College Students, Marijuana Use and Academic Performance

What’s New in Psychology?

College Students, Marijuana Use and Academic Performance    

Jim Windell


            Eighteen states have legalized cannabis – marijuana – for non-medical or recreational purposes. That means that in those states, especially, access to marijuana has increased for all adults – particularly for college students over 21 years of age.

           It may not be surprising then that marijuana use among college students reached levels in 2020 that had not been seen since the 1980s. That’s according to the latest research from Monitoring the Future an annual survey conducted by the University of Michigan’s Institute for Social Research. The Monitoring the Future survey tracks emerging trends in illicit drug, alcohol, and tobacco use among American adolescents, college students, and young and middle-aged adults.

           The past three reports from Monitoring the Future have shown that between 43% and 44% of college students report any cannabis use in the past year. That was an increase from the 38% of college students who reported marijuana use in 2015.

           Previous research has consistently shown that people report using marijuana in order to feel the high, experience enhanced feelings, increase social connections or cope with certain feelings and moods. It was found early in the pandemic that was some reduction in the use of marijuana for celebratory reasons and slight increases in using marijuana because of boredom – which may have been due to initial physical distancing mandates and stay-at-home orders.

            Writing in the opinion website The Conversation, Jason R. Kilmer and Christine M. Lee, both University of Washington School of Medicine researchers who study marijuana use among college students, speculate on how smoking weed affects the academic performance of college students.

           Kilmer and Lee, commenting as researchers who work with college students, indicate that they hear students say that marijuana is “safe,” “natural” or that it’s “just weed.” However, Kilmer and Lee point out that research tells a very different story about potential risks. And there are greater potential risks with the high potency cannabis that tends to dominate the markets in states where cannabis has been legalized. Furthermore, Kilmer and Lee note that published research consistently shows that the more frequently a college student uses cannabis, the lower their GPA tends to be, the more likely they are to report skipping classes and the longer it takes them to graduate.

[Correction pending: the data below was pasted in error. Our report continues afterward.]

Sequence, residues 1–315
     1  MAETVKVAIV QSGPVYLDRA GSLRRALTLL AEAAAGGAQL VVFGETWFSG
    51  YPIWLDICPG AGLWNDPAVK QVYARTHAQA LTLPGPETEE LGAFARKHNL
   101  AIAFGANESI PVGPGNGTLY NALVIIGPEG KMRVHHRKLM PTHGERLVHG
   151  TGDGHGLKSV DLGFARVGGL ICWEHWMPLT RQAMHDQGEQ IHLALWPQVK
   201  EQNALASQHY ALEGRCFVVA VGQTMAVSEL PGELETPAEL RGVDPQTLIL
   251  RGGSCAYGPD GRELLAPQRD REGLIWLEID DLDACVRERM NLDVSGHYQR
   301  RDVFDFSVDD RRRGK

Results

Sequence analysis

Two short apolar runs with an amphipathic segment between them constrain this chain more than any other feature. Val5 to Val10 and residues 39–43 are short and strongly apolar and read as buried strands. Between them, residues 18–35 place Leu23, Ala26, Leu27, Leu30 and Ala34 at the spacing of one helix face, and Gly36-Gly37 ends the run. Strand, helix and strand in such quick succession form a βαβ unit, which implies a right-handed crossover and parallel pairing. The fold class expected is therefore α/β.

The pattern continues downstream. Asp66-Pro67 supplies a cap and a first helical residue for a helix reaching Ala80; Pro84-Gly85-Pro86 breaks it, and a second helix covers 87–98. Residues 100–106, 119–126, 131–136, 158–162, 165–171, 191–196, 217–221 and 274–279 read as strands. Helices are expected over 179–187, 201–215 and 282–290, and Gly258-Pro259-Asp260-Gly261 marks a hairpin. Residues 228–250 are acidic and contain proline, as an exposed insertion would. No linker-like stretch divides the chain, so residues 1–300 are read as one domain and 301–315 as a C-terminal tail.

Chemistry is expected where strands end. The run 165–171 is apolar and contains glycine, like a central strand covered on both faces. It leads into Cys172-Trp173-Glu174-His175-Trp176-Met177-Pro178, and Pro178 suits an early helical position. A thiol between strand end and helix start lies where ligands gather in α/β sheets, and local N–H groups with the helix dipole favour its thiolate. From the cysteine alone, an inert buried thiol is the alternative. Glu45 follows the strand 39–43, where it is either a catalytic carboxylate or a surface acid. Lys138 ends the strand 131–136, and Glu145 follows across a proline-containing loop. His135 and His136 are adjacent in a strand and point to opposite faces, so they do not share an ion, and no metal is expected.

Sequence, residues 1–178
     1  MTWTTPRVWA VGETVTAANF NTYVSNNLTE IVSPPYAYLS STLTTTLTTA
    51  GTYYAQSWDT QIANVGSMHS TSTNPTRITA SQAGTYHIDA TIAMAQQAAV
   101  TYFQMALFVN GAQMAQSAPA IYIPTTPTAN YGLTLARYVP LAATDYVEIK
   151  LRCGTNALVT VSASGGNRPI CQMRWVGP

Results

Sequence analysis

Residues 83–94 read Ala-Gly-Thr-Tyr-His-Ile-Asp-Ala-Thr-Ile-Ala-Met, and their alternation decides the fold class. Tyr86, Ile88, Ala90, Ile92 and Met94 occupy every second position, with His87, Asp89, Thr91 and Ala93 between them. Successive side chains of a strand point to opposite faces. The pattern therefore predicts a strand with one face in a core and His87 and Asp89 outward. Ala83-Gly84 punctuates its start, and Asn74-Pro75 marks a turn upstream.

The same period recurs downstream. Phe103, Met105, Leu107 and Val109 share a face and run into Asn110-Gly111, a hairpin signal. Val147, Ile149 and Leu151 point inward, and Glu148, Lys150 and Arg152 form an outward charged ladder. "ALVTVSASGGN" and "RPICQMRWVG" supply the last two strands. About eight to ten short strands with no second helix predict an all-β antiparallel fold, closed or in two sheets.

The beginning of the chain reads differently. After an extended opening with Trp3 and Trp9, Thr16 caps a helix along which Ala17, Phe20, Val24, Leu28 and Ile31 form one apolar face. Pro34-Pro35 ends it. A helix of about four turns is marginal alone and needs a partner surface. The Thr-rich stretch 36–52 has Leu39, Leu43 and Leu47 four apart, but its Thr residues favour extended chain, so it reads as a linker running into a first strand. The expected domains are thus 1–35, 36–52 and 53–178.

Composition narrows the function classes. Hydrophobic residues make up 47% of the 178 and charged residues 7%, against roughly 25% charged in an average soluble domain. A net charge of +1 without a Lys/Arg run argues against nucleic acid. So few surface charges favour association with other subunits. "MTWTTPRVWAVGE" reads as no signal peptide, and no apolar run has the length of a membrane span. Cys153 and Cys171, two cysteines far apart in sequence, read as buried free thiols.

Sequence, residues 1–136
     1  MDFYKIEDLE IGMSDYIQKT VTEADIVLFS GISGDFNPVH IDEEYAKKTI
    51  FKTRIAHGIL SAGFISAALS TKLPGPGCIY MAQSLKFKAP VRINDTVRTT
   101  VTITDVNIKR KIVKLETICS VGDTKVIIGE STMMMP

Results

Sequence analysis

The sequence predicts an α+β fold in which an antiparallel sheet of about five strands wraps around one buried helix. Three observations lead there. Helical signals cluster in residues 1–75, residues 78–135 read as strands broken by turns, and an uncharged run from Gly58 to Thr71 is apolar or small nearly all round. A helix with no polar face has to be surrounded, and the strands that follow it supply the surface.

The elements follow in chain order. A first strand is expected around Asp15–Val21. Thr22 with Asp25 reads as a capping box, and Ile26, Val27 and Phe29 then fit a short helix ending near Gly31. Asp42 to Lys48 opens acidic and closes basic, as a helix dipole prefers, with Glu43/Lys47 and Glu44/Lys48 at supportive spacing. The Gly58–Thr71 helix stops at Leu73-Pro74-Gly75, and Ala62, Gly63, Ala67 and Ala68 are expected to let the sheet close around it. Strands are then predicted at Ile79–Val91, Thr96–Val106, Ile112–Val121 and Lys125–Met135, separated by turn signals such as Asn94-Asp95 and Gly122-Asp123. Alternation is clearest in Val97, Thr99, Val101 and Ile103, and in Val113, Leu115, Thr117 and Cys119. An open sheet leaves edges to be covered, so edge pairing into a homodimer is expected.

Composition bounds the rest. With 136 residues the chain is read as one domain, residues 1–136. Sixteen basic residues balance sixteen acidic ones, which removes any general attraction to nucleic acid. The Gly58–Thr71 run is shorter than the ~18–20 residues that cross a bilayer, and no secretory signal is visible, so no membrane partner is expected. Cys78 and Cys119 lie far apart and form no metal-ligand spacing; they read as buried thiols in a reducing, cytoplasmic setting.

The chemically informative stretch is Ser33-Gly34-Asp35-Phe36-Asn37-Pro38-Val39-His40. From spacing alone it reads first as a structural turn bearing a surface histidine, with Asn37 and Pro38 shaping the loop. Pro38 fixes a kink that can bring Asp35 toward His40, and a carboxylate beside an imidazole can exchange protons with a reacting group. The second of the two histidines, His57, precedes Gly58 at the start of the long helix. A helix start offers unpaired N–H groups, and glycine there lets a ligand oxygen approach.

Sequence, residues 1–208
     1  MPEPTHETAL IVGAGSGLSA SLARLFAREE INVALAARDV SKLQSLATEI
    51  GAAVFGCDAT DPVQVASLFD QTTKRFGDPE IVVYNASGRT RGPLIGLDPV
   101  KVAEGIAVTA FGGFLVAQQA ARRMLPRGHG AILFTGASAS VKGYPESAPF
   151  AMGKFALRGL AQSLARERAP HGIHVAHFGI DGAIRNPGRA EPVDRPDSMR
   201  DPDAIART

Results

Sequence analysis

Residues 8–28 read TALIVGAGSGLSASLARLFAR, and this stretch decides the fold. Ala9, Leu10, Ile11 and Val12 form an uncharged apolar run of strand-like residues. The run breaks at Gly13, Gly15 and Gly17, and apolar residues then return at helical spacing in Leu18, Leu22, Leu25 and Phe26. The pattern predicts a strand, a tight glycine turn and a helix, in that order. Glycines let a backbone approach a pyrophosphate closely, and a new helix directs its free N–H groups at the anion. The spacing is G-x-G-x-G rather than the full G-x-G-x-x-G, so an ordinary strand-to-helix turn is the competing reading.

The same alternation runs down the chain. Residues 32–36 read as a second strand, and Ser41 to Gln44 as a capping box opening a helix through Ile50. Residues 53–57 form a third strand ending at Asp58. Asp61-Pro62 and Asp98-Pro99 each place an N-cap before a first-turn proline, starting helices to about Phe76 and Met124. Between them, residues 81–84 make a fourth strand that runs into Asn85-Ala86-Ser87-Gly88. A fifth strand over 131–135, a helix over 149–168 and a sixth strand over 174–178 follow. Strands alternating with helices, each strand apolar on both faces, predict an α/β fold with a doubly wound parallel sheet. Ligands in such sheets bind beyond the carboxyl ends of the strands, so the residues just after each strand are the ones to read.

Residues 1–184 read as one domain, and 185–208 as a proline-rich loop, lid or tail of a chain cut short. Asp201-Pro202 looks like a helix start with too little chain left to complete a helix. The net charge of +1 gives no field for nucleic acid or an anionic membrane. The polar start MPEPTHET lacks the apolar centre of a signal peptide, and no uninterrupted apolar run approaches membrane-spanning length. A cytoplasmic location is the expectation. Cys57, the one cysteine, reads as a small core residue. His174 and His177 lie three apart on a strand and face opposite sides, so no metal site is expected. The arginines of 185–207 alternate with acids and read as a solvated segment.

Previous studies over several years have also concluded that perhaps the most direct impact to academic performance is a relationship between marijuana use and impaired attention and memory. The good news, according to the authors, is that studies that follow people as they abstain show that when marijuana use stops, cognitive performance improves, though it can take 28 days of abstinence for that to begin to happen. The effects of cannabis use depends on how often someone uses and the type or potency of marijuana they are using. “But whatever the case,” Kilmer and Lee write, “it certainly seems that the more frequently people use, the more likely they are to experience challenges with attention, memory and other cognitive abilities.”

           The two researchers published an article in August, 2021 in which they wrote about recommended guidelines for lower-risk cannabis use. In that article, Kilmer and Lee concluded that people who use cannabis and experience impaired cognitive performance should think about taking a break or significantly reducing how much they use, or the potency of what they use.

           “In our conversations with college students, we hear some students who typically use marijuana say that when they don’t use, they can’t sit still, or they feel restless and anxious,” the authors report. “These students might assume that marijuana use is ‘helping’ them.” Unfortunately, they go on to say, the anxiety and restlessness these college students experience when not using marijuana could be symptoms of withdrawal. “Those things could also be indicative of addiction to cannabis, or what is called a cannabis use disorder,” they state. “This might mean when students continue to use marijuana, they might feel a sense of less anxiety or restlessness, but are actually making withdrawal symptoms stop by resuming use.”

           Jason Kilmer and Christine Lee point out that they are not aware of any research that suggest academic or educational benefits of using marijuana. Additionally, they say that THC levels, the psychoactive component typically associated with the “high” from marijuana, has markedly increased since the 1970s when it was generally under two percent. Today, especially in legal markets, the concentrations of THC are much higher. In one study, it was found to be above 20 %, while concentrates, which include dabs, hash oil and other products, routinely exceed 60%.

           The use of high potency cannabis is associated with a number of outcomes, including greater risk of cannabis use disorder and adverse mental health outcomes. And it is young people who may be particularly vulnerable to these harmful effects.

           To read the original story in The Conversation, find it at:





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